How a $40,000 Swedish Carpet Is Made

The founder of the company said her carpets
should be as music. She was the composer, and the weavers were the musicians and you when you walk on the carpet you listen to the music. In the Marta Maas studio we’re doing useful
art textiles. Marta Maas she was an artist and she was
so fascinated over the Oriental carpets that she saw 100 years ago. We are still producing her carpets and we
have more than almost 1,000 different designs. It’s an honor to get to know her through her
work, her design, her sketches. When we have a client put an order of a special
carpet here, the weavers start lining up the threads for the warp. The warp is the backbone, it’s the spine of
the carpet. It should bear the carpet all its life. That’s almost always flax or linen. And we are winding them up going round and
round and it’s really important so that all threads are exactly the same length. And we are taking them down from the spinning
wheel. And then you invite your colleagues
to come to a bomnings party. It’s when you set the warp in the loom. We thread them through steel eyes. So it’s going to be really tight and it’s
going to be really even. We are many and we are talking and laughing
and we know it’s a start for a new project so it’s really a good day when we are doing
bomning. We have about 8 tons of yarn in 1600 – 1700
different colors. And if we’re missing something we need to
dye it and then we have white wool coming from Sweden or Norway and it needs to be really
strong and good wool and not the sweater wool, not soft and nice. We use the synthetic, reactive colors. We have three pigment colors: red and blue
and yellow. And all these three colors you do everything
with. If you’re really used to working with colors
you can see maybe twice or three times as much as normal people. Marta Maas Fjetterstrom lived her last
22 years on the coastline here in Bastad. But she grew up where there were a lot of
trees and flowers. Carpet was not common in Sweden, before that
we had sand and plants on the floor that we were forming in nice patterns so it’s really
the nature that has got inspiration to the different carpets. What artists are not inspired by nature? What human being is not inspired by nature? We get all the yarns ready and we wind it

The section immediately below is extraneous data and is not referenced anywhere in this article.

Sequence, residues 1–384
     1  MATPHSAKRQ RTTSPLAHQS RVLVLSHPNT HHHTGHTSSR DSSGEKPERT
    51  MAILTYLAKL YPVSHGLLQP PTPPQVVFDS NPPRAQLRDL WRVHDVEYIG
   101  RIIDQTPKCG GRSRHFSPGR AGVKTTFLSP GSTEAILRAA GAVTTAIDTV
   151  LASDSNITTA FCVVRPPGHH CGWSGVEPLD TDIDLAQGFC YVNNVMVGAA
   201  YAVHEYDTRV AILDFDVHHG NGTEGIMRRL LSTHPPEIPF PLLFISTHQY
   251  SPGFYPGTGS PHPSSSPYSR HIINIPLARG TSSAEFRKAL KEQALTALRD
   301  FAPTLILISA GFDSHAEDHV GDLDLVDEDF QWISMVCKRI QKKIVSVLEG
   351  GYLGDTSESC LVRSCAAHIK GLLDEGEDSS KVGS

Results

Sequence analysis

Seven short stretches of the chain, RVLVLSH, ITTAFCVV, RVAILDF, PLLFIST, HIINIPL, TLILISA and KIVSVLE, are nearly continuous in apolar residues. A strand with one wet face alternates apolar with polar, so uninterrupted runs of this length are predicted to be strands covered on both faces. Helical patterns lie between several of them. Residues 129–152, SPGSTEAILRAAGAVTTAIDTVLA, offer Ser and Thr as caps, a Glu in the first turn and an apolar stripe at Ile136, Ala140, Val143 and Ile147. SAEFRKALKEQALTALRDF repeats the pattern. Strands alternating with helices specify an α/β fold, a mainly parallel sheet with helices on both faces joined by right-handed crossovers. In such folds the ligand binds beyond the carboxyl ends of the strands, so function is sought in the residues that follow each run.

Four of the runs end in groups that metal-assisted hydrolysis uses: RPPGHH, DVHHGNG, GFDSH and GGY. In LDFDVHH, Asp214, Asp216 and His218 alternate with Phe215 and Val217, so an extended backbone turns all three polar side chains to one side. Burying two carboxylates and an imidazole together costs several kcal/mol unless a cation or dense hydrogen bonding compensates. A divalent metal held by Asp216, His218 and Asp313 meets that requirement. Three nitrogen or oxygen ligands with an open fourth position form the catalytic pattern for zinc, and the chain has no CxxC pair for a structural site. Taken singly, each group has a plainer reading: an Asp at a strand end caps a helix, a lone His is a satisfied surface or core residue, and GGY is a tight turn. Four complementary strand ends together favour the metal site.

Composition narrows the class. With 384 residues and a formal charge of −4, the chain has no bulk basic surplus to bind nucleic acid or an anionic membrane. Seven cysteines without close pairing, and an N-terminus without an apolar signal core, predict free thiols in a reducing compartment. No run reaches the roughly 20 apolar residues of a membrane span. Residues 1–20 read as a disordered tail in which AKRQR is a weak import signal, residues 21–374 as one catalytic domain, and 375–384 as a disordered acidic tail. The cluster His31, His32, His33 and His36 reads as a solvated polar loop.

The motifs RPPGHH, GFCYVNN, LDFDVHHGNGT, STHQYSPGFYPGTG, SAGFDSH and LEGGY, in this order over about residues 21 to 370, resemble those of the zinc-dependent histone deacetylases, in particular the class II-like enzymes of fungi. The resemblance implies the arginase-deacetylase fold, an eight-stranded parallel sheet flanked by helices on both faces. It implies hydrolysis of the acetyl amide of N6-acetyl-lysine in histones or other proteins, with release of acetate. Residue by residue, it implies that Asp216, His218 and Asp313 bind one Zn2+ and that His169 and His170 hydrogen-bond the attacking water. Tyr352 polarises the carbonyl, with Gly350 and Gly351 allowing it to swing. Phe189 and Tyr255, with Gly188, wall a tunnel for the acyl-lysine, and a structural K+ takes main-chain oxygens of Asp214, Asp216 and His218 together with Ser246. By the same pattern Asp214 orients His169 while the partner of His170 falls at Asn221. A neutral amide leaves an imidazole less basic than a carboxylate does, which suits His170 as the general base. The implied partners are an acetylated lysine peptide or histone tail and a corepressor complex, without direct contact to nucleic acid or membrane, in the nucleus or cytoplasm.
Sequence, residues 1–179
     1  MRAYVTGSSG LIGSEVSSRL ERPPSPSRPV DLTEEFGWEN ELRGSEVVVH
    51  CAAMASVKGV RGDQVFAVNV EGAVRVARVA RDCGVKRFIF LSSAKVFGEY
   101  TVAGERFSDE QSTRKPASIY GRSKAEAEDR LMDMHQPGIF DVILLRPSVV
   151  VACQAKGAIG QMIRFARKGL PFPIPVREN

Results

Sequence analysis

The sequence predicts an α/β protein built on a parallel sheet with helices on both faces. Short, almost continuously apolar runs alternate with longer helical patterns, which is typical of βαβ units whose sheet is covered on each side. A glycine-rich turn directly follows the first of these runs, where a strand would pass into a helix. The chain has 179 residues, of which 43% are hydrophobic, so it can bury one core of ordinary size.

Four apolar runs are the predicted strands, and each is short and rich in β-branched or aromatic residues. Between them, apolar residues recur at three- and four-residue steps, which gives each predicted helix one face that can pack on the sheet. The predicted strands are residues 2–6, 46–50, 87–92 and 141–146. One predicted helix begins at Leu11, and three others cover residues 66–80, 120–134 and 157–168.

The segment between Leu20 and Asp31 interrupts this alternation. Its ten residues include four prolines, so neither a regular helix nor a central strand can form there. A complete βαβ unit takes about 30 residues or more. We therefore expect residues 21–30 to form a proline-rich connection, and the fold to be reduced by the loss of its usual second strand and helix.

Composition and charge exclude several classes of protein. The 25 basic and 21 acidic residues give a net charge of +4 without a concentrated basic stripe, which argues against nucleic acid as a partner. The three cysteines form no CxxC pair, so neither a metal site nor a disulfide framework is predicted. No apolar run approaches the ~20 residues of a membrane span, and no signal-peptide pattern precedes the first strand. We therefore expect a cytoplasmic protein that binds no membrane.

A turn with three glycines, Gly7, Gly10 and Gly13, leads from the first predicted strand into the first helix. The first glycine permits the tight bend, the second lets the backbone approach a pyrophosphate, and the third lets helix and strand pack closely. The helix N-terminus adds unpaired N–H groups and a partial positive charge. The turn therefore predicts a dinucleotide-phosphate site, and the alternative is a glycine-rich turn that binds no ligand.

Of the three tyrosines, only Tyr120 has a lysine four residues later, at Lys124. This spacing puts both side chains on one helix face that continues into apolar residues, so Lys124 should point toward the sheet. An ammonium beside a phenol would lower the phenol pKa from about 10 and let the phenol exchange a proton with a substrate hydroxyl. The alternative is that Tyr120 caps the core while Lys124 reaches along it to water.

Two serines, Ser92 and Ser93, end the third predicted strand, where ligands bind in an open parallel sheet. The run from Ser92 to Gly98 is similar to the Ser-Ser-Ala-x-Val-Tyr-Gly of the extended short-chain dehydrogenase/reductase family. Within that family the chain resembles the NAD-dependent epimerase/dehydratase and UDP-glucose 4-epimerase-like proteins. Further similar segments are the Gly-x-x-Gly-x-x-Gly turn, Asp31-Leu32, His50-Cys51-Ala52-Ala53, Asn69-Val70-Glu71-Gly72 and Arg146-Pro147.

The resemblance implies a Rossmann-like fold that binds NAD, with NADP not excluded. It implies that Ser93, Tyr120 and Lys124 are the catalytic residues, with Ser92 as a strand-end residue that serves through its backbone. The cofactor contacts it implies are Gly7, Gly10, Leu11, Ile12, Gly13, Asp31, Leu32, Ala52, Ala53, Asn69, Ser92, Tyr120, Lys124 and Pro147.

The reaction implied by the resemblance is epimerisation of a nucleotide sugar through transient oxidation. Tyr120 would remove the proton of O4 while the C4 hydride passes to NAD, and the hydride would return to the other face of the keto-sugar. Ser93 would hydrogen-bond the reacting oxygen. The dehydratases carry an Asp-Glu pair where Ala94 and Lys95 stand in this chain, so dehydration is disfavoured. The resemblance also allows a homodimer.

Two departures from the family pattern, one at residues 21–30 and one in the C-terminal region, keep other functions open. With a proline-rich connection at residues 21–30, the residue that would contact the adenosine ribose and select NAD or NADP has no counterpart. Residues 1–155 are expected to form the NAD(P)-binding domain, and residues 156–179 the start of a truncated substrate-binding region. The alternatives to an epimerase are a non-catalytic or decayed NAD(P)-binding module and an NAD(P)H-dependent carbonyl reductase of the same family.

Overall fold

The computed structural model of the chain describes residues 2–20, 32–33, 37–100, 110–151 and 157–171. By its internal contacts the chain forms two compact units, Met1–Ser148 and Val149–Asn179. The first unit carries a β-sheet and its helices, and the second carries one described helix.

up into small balls in the right combinations of colors and threads. We always prepare that before we start doing
the flat weave carpet, it’s called rollakan in Swedish. Different techniques can give you different
solutions but in the rollakan the wool is going between the warp. It’s really strong and it’s reversible, so
it’s a really old technique in the very cold countries. You have different kinds of working instructions
for different carpets and it’s built up by small squares. It’s really important for us to pass on the
knowledge from generation to generation and we do that by sitting two and two in the looms. It might take a year to do a carpet so you
sit beside the same weaver day out and day in and of course you know everything about
each other so you could rest together with the other person. It’s like walking in silence, you can work
in silence beside each other. Eventually when you are finished with your
carpet now is the cutting down and you’re allowed to see the whole carpet because you
have stored it during the process of weaving. It’s like waiting for a baby coming, you know
that it is there, you feel it, you can see it you have been through everything but you
don’t know exactly what will come out. And after that the carpet need to rest and
we do some flattening. We just nail it to the floor and putting just
a little bit of water, and then we put wooden plates on. So it’s going to stay there for
4 or 5 days and then it’s ready to be rolled and packed and then shipped to the owner. I’ve been talking to so many clients and they
could see their whole life in the carpet. They could see their children growing up,
the parties, the divorces, the quarrels the happiness the sadness so it’s focusing
the whole lifetime to one room, to one spot, to one carpet. It’s really a joy and a pleasure to make something
that lasts.

31 Replies to “How a $40,000 Swedish Carpet Is Made”

  1. Personally i would never buy this and most people wont. Its a niche market and only people who truly understand it, will want this. It will either be people who are very passionate about rugs or rich mtfs who will buy this not us common folk.

  2. carpet cost 2900, durable craftmanship 3000, operation fee 1000, net profit 3000. viable biz model for Sweden and european alike but not asian

  3. When Chinese or Indians do it for fraction of a price , its called bondage labour by illiterates 3rd world countries others its an art like a music worth $40k LOL ???????????????????a

  4. I don't see why it's so expensive ?
    Similar carpets can be found in India, especially rural parts of Karnatak for less that 100 USD

  5. Imagine dropping 40K on a carpet just to have your drunk ass teenaged kid spill red wine all over it! ??

  6. The patterns are not bad, but a carpet made of flax or linnen? It's flat and has no fluff in it. It's a bloody doormat!!! No, thanks. I'll still stick to Indian silk or Iranian wool. Better weave, better feel, sanely priced. I'm not paying 40k for a carpet unless it's an 18-century Persian masterpiece.

  7. There are much cheaper carpets made in Nepal having various and excellent design and quality, their craftsmanships were brought from Tibet.

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